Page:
peterba likes this.
  12. Footloose

    Footloose Well-Known Member

    I wonder if Couriers and Postie's will have (Eg, 800x800 pixel) camera installed in them in the near future?
  13. miked

    miked Well-Known Member

    I've never forged anybody's signature but when I was at grammar school decades ago I used to forge bus tickets. I worked very hard for a week or two to replicate the ticket machine printing until it became almost second nature. I had a few lengths of genuine ticket paper which the conductors discarded at the end of the rolls, which I sneaked into my pockets. Then, one afternoon, I casually presented my return ticket to the conductor who looked at it, and to my great relief and delight, punched it and returned it to me. I probably saved about twopence for all my effort and I suspect that had an inspector ever got aboard I would have been rumbled. My classmates were impressed though and I gained some modest kudos but my nascent efforts as a forger ended there and then.
    EightBitTony likes this.
  14. neilt3

    neilt3 Well-Known Member

    You can now expect the Fraud Squad knocking on your door any day now after making that formal confession .
  15. miked

    miked Well-Known Member

    As long as they don't look in the shed, which is where I store my Van Gogh "originals".;)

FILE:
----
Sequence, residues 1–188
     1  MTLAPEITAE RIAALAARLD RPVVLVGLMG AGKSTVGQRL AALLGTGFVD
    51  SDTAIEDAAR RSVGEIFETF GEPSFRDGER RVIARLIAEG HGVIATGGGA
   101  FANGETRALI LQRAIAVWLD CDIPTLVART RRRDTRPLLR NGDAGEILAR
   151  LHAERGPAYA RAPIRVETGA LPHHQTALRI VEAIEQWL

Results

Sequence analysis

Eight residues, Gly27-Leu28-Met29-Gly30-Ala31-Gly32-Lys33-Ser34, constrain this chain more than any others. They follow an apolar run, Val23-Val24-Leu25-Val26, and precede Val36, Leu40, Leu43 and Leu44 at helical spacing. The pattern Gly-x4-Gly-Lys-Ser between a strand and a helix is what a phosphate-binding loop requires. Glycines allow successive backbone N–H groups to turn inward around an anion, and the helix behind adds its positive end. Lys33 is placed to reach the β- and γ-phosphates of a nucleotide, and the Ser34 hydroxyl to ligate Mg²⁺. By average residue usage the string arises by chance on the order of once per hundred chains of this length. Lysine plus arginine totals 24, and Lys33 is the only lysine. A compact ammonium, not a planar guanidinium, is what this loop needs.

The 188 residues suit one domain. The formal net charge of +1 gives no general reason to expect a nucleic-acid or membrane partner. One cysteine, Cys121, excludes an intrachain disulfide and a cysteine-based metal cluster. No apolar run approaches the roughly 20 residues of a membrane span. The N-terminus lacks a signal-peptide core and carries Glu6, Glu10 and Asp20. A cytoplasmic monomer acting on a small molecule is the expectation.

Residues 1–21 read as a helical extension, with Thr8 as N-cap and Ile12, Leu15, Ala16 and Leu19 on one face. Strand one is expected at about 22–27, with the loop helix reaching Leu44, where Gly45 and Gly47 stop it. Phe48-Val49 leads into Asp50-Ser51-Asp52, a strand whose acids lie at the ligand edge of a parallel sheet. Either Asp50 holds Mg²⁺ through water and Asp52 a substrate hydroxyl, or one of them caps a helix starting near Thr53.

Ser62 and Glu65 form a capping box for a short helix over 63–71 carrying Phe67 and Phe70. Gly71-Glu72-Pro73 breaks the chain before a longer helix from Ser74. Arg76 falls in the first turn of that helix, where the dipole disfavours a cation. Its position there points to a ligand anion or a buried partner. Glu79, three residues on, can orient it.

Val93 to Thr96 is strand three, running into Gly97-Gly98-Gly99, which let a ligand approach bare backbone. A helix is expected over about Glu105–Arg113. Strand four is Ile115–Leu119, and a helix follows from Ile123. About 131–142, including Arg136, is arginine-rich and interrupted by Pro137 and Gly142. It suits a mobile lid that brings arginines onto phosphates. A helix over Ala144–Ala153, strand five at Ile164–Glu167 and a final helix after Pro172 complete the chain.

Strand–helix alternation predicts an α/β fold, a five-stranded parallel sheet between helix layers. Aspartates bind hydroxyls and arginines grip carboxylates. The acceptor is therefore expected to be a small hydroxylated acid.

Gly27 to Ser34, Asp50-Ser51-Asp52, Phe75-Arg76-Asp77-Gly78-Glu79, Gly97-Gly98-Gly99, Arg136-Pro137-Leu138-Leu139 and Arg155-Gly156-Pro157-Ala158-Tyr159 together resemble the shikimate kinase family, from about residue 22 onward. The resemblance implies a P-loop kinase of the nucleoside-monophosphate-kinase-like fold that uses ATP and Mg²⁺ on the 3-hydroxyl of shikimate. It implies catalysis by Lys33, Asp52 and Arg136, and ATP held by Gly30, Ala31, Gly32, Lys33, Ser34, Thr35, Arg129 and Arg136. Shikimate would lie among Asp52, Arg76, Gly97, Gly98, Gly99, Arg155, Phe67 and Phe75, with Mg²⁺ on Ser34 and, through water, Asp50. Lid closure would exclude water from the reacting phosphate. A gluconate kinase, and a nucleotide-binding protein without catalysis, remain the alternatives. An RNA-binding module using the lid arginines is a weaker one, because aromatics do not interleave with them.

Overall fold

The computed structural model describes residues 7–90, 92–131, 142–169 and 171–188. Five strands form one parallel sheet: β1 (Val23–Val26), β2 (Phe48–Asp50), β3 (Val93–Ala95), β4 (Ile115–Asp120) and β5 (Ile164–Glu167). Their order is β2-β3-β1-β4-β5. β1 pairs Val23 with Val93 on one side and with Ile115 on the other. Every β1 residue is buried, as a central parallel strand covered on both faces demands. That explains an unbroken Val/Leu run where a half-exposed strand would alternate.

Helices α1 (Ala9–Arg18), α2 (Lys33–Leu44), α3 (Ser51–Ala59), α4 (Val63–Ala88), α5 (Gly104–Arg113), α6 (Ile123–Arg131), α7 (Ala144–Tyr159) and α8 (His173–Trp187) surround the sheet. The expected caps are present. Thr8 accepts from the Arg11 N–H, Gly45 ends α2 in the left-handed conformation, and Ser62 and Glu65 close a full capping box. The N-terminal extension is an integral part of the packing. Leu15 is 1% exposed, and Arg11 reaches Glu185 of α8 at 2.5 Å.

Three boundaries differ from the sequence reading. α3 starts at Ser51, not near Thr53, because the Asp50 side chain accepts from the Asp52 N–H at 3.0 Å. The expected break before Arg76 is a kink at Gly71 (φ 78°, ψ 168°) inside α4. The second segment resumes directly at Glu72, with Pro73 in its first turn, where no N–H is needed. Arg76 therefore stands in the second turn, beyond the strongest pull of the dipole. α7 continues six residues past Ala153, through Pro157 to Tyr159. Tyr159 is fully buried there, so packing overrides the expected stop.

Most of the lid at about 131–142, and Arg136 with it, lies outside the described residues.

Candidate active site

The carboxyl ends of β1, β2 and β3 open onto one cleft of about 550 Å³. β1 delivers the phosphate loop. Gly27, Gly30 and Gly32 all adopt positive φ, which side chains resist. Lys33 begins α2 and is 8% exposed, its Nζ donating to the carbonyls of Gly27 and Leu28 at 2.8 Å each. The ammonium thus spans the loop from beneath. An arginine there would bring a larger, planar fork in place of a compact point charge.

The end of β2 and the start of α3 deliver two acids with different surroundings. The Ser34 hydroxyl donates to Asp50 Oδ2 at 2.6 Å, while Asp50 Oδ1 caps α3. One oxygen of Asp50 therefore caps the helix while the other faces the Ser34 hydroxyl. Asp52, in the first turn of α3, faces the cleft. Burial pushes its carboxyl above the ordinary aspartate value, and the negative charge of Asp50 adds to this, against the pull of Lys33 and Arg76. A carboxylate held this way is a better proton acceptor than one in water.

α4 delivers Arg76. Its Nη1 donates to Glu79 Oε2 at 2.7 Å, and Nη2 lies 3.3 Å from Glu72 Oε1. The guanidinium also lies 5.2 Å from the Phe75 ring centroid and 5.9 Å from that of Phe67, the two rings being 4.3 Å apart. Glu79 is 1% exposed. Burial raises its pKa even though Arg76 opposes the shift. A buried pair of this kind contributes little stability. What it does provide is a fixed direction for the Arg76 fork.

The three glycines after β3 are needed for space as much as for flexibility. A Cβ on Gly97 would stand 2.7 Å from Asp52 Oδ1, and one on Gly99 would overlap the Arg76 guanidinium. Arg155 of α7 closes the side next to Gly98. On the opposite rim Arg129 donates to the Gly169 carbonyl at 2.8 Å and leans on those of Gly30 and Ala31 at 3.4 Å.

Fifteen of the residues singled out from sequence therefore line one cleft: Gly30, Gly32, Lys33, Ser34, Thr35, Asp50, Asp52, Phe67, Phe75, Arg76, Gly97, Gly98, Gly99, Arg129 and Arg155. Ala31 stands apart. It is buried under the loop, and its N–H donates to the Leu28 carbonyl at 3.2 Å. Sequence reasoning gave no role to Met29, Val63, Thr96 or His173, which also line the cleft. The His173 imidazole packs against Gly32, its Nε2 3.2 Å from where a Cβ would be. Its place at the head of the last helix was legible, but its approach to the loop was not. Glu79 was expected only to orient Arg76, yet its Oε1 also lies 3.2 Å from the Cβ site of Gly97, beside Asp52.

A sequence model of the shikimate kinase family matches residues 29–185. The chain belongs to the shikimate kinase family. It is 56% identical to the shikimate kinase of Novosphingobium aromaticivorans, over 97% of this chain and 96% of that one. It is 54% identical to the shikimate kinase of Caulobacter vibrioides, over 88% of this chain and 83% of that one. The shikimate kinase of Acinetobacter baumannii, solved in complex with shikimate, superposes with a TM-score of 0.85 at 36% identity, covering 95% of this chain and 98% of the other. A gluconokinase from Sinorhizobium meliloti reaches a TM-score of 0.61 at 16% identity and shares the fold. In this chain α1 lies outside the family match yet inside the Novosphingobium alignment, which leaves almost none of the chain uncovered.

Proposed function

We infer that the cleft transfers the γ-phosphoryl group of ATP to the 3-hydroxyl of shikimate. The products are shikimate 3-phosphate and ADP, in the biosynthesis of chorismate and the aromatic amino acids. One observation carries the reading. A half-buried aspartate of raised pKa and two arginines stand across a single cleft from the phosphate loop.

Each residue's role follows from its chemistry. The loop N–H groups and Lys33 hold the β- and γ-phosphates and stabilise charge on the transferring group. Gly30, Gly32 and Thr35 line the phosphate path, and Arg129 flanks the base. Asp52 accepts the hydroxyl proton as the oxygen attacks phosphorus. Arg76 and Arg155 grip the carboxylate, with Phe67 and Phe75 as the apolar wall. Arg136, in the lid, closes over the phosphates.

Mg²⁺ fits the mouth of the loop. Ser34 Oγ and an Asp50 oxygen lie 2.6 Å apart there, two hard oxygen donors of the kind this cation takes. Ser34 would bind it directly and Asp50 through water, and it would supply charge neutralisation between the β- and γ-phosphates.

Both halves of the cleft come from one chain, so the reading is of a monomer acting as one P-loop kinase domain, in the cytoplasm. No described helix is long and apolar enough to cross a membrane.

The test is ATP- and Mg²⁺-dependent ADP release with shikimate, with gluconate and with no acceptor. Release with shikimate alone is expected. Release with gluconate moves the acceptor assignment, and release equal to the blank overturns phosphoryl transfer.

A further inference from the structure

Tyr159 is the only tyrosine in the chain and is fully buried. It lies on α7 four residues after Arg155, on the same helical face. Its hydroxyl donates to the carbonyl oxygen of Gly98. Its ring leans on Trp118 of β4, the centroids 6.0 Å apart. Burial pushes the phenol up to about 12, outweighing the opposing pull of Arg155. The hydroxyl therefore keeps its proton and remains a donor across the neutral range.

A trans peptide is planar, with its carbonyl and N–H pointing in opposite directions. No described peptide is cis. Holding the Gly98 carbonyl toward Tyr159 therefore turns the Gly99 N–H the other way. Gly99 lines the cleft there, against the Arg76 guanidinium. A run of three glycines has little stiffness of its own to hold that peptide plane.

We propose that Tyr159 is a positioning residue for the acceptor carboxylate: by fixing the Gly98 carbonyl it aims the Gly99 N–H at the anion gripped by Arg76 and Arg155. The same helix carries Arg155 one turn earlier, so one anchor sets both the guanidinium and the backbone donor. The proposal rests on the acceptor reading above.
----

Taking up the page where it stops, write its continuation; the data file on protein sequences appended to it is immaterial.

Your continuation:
peterba likes this.
  16. neilt3

    neilt3 Well-Known Member

    Years ago there was a manager of the department which I worked on used to ask me to sign things on his behalf .
    Checks that had been done , rota's , holiday authorisations , staff overtime slips , etc .
    I'd signed that much for him in his name that when I went on holiday and he signed something , the main office rejected it saying it was a forged signature because it looked nothing like anything that was filed away that "he had signed" !

    After that , only I could sign anything .

    It wasn't much later that he quit and went elsewhere though I continued signing things in his name for another six months before a new manager was finally sent to the department .
    I suspect that the big bosses only noticed he'd gone after the department was being "run" much better without him and staff costs were much less and decided to look into things .
    Roger Hicks and EightBitTony like this.